“A lot of people aren’t returning because of crap like that,” said Martha Bryant,, who was born and raised in Paradise. “We’ve been through hell — absolute hell.”
Smoking a cigarette to calm her nerves, she said people here should be left to make their own choices.
“It’s their property. They’re adults. They know the risks. We don’t need other people — the county and everybody else — telling us how we should live our lives,” she said.
FEMA said they’re committed to getting the cleanup done as quickly and safely as possible. But the monumental debris removal from almost 19,000 destroyed structures is estimated to take at least a year.
There still are folks who are committed to sticking it out. Karen Roberds lost her home, cars and prized motorcycles.
“We bought up here in 2002, and so it’s our home. It’s our retirement. It’s our community,” Roberds said.
She said people came up here to escape the city, and these mountain communities should and will rebuild.
“This is what I want to grow old knowing — that I helped put this back together,” Roberds said.
Yet Another Setback
The new temporary ban on camping on burnt out properties isn’t popular. But not everyone is fighting it so vocally.
One ridge over from Paradise, rural Concow hasn’t gotten as much media attention. It’s a lot smaller but, three months after the Camp Fire, the scale of the destruction here is still a shock to see.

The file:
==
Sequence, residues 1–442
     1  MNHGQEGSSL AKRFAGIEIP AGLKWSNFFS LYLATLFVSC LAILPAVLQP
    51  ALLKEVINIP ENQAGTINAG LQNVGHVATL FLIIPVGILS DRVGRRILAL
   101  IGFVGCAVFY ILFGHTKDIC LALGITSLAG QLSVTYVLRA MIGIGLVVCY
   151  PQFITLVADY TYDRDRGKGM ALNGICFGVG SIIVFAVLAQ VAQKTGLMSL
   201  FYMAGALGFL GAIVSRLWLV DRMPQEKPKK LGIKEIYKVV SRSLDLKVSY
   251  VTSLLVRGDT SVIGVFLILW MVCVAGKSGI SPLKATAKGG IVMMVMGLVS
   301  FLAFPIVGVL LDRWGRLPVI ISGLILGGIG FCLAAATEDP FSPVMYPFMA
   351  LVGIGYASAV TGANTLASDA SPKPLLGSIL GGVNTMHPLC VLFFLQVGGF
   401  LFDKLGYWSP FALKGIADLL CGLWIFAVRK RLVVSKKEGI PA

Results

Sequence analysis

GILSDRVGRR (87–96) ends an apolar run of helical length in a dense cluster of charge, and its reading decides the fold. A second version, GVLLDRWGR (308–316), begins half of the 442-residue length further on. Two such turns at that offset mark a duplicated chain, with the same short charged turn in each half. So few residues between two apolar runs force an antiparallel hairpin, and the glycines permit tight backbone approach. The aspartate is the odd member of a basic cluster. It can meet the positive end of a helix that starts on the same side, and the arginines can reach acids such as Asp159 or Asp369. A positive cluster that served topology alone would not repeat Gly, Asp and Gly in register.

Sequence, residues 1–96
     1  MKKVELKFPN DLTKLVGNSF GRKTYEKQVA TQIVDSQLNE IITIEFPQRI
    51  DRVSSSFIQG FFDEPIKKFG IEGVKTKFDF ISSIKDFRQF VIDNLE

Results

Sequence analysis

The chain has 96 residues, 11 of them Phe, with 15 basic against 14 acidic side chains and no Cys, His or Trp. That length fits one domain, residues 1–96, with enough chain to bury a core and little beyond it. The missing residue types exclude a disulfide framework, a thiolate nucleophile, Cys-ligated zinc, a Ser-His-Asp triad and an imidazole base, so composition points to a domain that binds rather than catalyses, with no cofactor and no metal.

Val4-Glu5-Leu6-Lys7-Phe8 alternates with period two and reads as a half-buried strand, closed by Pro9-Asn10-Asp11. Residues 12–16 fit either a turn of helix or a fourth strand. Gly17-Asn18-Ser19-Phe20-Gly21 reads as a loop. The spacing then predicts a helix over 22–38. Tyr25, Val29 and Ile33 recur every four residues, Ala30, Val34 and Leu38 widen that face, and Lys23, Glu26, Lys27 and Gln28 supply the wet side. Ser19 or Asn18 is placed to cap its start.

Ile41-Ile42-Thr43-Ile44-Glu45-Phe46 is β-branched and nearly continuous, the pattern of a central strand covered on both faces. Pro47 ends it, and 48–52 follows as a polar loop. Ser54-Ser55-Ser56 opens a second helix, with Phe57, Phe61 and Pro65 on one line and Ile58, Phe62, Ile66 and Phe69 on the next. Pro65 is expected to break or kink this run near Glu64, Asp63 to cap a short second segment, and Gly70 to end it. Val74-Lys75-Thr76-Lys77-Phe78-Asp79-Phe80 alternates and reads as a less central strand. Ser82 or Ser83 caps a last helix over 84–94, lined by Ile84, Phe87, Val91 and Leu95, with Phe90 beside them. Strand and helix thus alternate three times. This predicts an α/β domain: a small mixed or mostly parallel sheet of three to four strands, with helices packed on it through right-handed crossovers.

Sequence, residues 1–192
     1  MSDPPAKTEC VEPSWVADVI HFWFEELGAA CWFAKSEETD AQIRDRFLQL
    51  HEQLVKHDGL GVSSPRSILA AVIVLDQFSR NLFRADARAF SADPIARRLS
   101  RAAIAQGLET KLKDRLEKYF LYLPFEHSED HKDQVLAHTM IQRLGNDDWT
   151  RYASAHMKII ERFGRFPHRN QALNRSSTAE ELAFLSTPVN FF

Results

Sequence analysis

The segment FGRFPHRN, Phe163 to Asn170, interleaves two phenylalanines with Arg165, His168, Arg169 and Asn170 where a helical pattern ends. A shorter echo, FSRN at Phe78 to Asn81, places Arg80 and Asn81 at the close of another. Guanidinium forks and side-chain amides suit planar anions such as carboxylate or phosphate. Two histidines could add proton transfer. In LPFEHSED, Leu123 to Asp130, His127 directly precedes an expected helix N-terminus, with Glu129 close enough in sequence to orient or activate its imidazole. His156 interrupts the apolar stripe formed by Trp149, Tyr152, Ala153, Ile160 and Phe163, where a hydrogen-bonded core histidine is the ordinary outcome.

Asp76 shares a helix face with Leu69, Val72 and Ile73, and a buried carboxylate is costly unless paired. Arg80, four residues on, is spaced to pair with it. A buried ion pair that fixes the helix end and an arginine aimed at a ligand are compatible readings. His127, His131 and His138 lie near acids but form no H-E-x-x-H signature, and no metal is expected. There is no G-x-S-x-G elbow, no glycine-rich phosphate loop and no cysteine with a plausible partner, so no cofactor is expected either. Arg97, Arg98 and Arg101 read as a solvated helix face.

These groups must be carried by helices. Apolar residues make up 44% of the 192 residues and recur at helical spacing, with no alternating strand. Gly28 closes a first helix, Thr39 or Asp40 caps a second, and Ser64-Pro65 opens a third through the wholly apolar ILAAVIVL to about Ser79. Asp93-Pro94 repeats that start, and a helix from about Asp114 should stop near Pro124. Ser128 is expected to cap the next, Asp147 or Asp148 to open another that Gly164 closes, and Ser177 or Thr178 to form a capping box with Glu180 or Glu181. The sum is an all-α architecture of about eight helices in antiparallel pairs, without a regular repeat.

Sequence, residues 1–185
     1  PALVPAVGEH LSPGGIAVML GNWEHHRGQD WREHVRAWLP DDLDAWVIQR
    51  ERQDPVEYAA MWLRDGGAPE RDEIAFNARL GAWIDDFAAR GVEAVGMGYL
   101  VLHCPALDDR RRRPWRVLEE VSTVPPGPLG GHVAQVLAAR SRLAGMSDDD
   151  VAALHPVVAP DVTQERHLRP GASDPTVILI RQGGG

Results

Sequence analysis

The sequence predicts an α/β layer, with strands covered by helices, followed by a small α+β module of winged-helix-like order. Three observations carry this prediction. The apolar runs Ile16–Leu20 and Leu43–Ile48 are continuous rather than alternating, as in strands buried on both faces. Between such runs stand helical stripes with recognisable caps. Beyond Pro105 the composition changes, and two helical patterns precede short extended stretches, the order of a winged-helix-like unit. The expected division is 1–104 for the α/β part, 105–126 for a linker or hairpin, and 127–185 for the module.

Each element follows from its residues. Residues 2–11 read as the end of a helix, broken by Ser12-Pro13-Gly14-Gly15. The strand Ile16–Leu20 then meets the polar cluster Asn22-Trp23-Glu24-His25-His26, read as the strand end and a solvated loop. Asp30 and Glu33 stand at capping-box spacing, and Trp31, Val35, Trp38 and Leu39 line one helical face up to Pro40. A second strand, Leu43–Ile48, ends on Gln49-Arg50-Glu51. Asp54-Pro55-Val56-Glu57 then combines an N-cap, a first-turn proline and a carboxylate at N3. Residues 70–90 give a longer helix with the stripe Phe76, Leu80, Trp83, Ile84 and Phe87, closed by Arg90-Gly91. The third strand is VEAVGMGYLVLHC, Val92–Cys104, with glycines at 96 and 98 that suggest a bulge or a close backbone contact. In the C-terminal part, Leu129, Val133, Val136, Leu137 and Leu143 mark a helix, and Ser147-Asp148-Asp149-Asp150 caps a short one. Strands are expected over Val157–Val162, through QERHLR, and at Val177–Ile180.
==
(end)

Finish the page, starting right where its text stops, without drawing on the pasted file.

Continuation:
Down a dirt driveway, Chuck Huff and his son were picking up blackened sticks and burnt brush, throwing them into a pile. Friendly and soft spoken, wearing a ball cap for shade while he works, Huff is the main caregiver for his 19 year old son, Casey, who’s developmentally disabled.
Many of the lots in the burned out towns above Chico still have the charred remains of cars that need to be cleared out.
“Basically we’re cleaning brush,” he explained. “It’s burnt down. We lived through the 2008 fires and we didn’t realize how quick brush is going to grow and overtake.”
Huff wiped the sweat off his forehead and turned to look at what’s left of his fathers’s home on the hill above. “Basically right up there where the suburban is, their place burned down in 2008. They had a new mobile home put in.” When the Camp Fire roared through last November, Huff’s elderly father couldn’t get out.
“It burnt down again. And unfortunately my father burnt with it,” said Huff.
The home that he and his wife and son lived in over in Paradise also burned to the ground in November.
Their story is just one of many harrowing stories of victims in this huge disaster. It seems unfair. “Obviously with my disabled son, his structure being turned upside down, or lack of structure,” explained Huff. “Just affects everyone in our family.”
But Huff and his family are not leaving these mountains. His wife is back at work at a local school. And they’re not afraid of eventually rebuilding in a high risk area like this.
“No, that’s part of life. We will definitely be way more prepared than before, the previous two times,” he said.
He says this is home, where the memories are: “it was our life, it was the center of our family.”
The Huffs had applied for a permit to camp out here on their five acres while they wait to rebuild, but were notified they can’t now, at least until the government has cleaned up the site and certified it as safe.
It was another setback. For now they’ll have to keep living where they’ve lived the past three long months — in a camper in his sister’s driveway down in Chico.
Huff doesn’t blame anyone, he tries to shrug it off as he gets back to clearing all the brush off his parents’ charred lot.Share